One of the great chapters out of Matthews gospel – Matthew 13 - comes right after Israel’s national rejection of Jesus as Messiah on the basis that He was demon-possessed. That’s Matthew 12. Right after that, Jesus started telling parables or stories. Parables are extended metaphors to get across a key point or truth - a story laid down alongside a truth for the purposes of comparison. They are not allegories where every detail is significant, so don’t read too much into them. But the context of Matthew 13 will tell you how to interpret each of them.
Why do I say that? Hermeneutical consistency. The Matthew 13 pattern is a man, a field, and an object of affection. The “man” is the Lord. The “field” is the world. The object of affection – the treasure and pearl is you. The people of Israel were like a treasure to Jesus, hidden among the nations of the world, with Jesus giving up everything to secure them. The church is so loved by the Savior, that He divested himself of everything to acquire this pearl. We know from previous parables, that Jesus appears in his own parable. Jesus is the Sower. He's the One who sows the living seed of the Word into the hearts of people. He is the Owner of the field and will one day come and His angels will separate the wheat from the chaff. He is the mustard seed that will grow in it’s influence across the world. He is the leaven that changes a person’s life and transforms their nature from the inside out. And He is the plowman and the purchaser of the treasure and the pearl – which is you.
The reason this is important is that He won’t be everything to you until you believe “I’m everything to God.” No cost was too high for Jesus. God - for the joy of having Israel as his own and for the joy of having us as his Church – He gave up heaven’s most valuable asset – the very Son of God – to insure that we belong to Him. This is the Gospel. And when you’re smitten by this truth, “Serendipity!” You’ll flip the parabolic script to where Jesus isn’t just the one divesting himself of all his wealth to secure the treasure, the pearl of you. But when you see that - you’ll be willing to part with everything to have this Savior.
The disciples felt as if nothing was happening. Israel’s leaders reject. Jesus stopped presenting the kingdom to them. Caesar was still reigning. Nothing was happening that they could see. Jesus tells several parables that basically say “I’m working my kingdom plan, but it's hidden now. You can’t see it.” Jesus in so many words is saying “I want you to see what other people can’t see. There’s something going on that no one else can see.” That was the disciples. “Nothing is happening!” So, Jesus starts telling stories to illustrate how the mystery kingdom will take shape and you won’t see it. Jesus stops presenting himself to Israel and focuses on a new form of the kingdom – the church. Spiritual treasure is often not where you think it is. It’s hidden and in unexpected places. It’s not openly displayed. It’s unseen. You can’t see it. God is always doing something before you know it.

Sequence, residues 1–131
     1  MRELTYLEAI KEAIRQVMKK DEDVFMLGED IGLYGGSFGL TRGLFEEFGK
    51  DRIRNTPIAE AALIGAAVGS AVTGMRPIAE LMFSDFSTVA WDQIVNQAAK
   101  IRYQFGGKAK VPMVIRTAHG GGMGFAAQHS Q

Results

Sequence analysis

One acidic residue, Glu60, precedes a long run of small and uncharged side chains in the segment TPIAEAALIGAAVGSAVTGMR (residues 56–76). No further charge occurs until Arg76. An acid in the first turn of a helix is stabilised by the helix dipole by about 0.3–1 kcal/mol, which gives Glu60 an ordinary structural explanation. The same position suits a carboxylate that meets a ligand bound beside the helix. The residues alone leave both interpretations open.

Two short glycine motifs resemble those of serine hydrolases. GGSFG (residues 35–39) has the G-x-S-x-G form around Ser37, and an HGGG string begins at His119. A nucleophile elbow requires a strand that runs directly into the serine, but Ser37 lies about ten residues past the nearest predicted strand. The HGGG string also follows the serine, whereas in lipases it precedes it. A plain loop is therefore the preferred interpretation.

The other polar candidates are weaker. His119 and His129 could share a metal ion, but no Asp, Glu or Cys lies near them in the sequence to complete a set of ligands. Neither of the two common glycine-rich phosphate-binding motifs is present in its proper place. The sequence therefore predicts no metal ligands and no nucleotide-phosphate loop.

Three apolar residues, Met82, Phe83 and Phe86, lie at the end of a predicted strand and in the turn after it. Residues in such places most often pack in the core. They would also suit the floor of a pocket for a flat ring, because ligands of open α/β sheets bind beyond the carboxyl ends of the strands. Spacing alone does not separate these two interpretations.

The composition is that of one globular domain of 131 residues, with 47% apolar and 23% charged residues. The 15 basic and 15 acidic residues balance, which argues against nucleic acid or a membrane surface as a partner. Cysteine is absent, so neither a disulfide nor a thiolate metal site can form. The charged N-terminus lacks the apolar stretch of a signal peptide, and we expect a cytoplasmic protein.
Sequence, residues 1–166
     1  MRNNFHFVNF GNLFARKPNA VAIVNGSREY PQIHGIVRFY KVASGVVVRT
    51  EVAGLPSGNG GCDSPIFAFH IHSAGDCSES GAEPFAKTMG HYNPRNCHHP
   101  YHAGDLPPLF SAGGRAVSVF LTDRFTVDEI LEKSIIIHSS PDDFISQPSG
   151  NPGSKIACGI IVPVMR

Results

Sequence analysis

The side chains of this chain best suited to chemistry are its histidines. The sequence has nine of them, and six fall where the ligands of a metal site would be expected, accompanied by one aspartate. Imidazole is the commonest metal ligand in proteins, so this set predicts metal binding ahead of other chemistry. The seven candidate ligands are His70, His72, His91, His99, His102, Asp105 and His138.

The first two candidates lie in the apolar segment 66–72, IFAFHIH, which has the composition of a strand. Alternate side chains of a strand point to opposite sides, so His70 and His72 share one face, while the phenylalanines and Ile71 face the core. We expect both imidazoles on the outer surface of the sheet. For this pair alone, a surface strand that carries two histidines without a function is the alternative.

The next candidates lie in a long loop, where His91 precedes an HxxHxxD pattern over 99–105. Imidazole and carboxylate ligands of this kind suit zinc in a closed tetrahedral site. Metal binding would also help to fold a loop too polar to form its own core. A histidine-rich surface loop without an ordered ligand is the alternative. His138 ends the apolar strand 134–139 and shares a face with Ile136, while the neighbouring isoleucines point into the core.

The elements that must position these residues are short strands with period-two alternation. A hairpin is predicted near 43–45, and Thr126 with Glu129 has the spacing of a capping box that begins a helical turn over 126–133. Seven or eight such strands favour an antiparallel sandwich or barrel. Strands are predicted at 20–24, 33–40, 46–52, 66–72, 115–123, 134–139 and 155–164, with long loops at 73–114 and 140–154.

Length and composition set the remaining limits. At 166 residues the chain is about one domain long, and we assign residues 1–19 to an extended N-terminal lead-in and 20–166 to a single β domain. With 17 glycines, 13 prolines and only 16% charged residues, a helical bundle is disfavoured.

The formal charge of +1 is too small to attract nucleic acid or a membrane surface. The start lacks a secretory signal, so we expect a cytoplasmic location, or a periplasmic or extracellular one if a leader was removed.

Jesus hides spiritual treasure under a field of ordinariness. Sometimes, it’s not the best-selling author or the Hollywood icon or the Tiktok influencer that offers you the transformational insight; it’s a local pastor or teacher or school janitor or bus driver or farmer that holds the wealth in their hands, the secrets to true, Jesus-kind of joy. Sometimes, the person with the greatest perspective has a double chin or tea-stained teeth or walks with a limp. Sometimes, they live in an RV or an apartment up town and have no fashion sense at all. Sometimes, they live along gravel roads and feed babies and make pies and hang the cloths out to dry. Jesus buries treasure under ordinary people. And these ordinary people get together as a church and champion Jesus and his work.
You are the treasure. And Jesus is the One who has sold everything as it were to ensure that He has you. And because of His love for you, the ultimate treasure for us is Christ. He is priceless and is worth more than everything else that can be found in this world. Why would I say that? Jesus is of supreme value for several reasons (with help from Colin Smith). He is of supreme value – because of…
Who Jesus is: He is Creator and all wisdom and power is located in Him.
What Jesus has done: He has lived the life that God requires of every person.
What Jesus offers: This risen Son of God extends the most incredible invitation that can be extended “Come to me... I will give you rest.”
How long Jesus stays: Every treasure you have can be taken from you, except one. Jesus can’t be taken from you by anyone.
We are not the only treasure and pearl. Jesus is Treasure and Pearl.
As Louie Giglio has said many times, “Never ever believe the lie that anything is better than Jesus!”